Monday, 18 July 2011

Evolution: onward and upward

About 4 billion years ago the Earth is rock, molten lava, obnoxious gases and a vast amount of water.
 The information content of the planet's surface is minimal and there is no biosphere.

Within the blink of a cosmic eye (less than a few hundred million years) the first life forms appear. Even the simplest organism is extraordinarily complex and information rich. Life begins to alter its own environment, even the atmosphere, in a way which promotes more life.
The biosphere has started and its information content begins to grow.

500 million years ago life multiplies in the ocean, diversifying, experimenting, the atmosphere is benign. Vision had been invented in sea creatures so that the world is seen  for the first time in the history of Earth, if not the universe. Coded survival solutions are being carried between species  (horizontal gene transfer), e.g. by viruses, and within species (vertical gene transfer) by descent with modification. Probably much else is happening.
The information content of the biosphere is huge and growing fast.

Today, ecosystems abound in water, on land and even in the air and  information content is astronomically high and still growing fast.

Why is it growing fast? Because humankind is evolving fast and we are incredibly information-rich in a way distinct from any other species, having spanned the world, turning it into a global metropolis in the sense that you can travel by air between any two cities on the planet in a time comparable to that of traversing a city on foot; while knowledge and social interaction is planet-wide at the speed of light.

We are unique in many ways. Our technology has developed to the state where we can, e.g.
  • produce food in abundance and, in principle,  distribute it to where it's needed
  • heal the sick and prevent diseases
  • manage some natural systems to a limited degree (e.g. wildlife reservations)
  • undo some of the environmental damage we do
  • simulate nature in mathematical models
  • record data, process it and distribute it globally as well as around the solar system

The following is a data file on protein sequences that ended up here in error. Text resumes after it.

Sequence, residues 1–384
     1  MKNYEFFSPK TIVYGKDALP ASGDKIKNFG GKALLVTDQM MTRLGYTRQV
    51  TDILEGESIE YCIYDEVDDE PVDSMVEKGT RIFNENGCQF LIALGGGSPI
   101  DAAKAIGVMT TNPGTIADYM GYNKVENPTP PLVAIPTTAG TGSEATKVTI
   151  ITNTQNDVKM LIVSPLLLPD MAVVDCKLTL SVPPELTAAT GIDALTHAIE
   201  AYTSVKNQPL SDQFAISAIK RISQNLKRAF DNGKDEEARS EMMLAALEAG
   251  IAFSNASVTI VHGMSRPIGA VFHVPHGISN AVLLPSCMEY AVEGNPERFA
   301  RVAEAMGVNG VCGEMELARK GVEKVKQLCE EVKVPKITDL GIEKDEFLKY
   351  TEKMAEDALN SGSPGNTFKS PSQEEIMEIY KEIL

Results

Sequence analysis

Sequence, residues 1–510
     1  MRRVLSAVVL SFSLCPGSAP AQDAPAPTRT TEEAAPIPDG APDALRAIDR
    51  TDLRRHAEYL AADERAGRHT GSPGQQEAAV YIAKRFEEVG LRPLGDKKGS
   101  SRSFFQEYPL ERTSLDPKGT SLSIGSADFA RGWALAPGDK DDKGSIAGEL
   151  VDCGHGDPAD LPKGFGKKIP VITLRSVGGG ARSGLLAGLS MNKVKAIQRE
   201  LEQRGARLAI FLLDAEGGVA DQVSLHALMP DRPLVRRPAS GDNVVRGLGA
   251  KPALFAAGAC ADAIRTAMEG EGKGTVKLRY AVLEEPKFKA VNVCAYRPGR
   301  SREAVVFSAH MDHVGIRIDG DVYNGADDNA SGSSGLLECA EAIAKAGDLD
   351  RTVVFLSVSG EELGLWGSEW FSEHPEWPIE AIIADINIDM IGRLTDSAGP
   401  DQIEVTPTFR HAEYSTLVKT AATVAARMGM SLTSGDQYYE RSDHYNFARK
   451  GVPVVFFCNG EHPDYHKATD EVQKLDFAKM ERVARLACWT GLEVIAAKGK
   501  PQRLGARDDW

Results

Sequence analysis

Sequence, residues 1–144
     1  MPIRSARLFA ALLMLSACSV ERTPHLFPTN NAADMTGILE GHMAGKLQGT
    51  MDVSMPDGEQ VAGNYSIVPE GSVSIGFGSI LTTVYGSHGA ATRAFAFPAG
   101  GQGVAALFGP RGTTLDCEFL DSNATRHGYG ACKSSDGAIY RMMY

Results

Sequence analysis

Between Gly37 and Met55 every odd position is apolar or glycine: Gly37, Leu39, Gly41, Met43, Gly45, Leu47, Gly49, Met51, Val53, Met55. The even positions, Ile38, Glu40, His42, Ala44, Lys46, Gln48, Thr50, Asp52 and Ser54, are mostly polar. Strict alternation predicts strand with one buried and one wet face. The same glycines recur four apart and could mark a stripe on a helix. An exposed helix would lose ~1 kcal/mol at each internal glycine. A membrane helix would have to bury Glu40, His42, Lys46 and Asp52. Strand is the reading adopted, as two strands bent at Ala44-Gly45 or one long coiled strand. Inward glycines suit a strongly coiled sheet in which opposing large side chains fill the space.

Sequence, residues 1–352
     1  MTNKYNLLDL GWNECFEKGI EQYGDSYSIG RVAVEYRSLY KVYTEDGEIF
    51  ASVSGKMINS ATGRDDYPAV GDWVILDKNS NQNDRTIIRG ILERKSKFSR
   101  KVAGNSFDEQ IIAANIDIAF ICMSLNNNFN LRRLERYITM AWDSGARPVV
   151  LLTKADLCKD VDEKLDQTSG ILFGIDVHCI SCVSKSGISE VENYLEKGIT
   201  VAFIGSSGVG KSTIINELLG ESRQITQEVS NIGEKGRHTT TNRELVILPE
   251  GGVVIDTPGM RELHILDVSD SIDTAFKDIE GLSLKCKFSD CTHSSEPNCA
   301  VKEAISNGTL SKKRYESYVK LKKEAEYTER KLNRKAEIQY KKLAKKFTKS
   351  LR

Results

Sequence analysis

• transfer people from one celestial body to another
  • copy subsystems within elementary life forms
  • probe matter down to quarks, gluons and other subatomic particles
  • derive knowledge of the universe billions of years into the past and billions of light years away
  • harness the quantum world for electronic devices and computing
  • release the power of the atomic nucleus. 
Our imagination, creativity, curiosity, persistence, intelligence, consciousness and tool-making prowess have allowed us to probe into the working of nature, to speculate on its limits and orgins, to exploit it in innumerable ways and travel in our imaginations independently of  space-time. 

At this stage in human history we are confronted with deep questions on what it means to be human and what is sacred as biotechnology has the potential to physically alter our mind-body system in ways unimaginable only a few decades ago.

Which reminds us that there are even more important ways we are distinct from other life forms. Humans have a sense of
  • good and  evil
  • justice and judgement
  • truth
  • humility and pride
  • pity and mercy
  • grace 
  • redemption and salvation
  • humour, irony and narrative
  • aesthetics
  • awe and wonder.
We are able to conceive of divine love as the highest ideal and of a monotheistic source of all being from which our reality emanates and to which we can choose to relate to in body, mind and spirit, because we have been imbued with the freedom to do so.

It is fortunate we have these qualities of mind and spirit and the choice of a relationship to our Creator. Otherwise how are we going to cope with the  nature we have discovered and used as well as those layers of mystery which, if science, technology and medicine are not  plunged into some atheistic, neo-pagan or post modern dark age,  may be revealed in future?

Now let me descend from the soap box and invite your comments.

Author, 2077 AD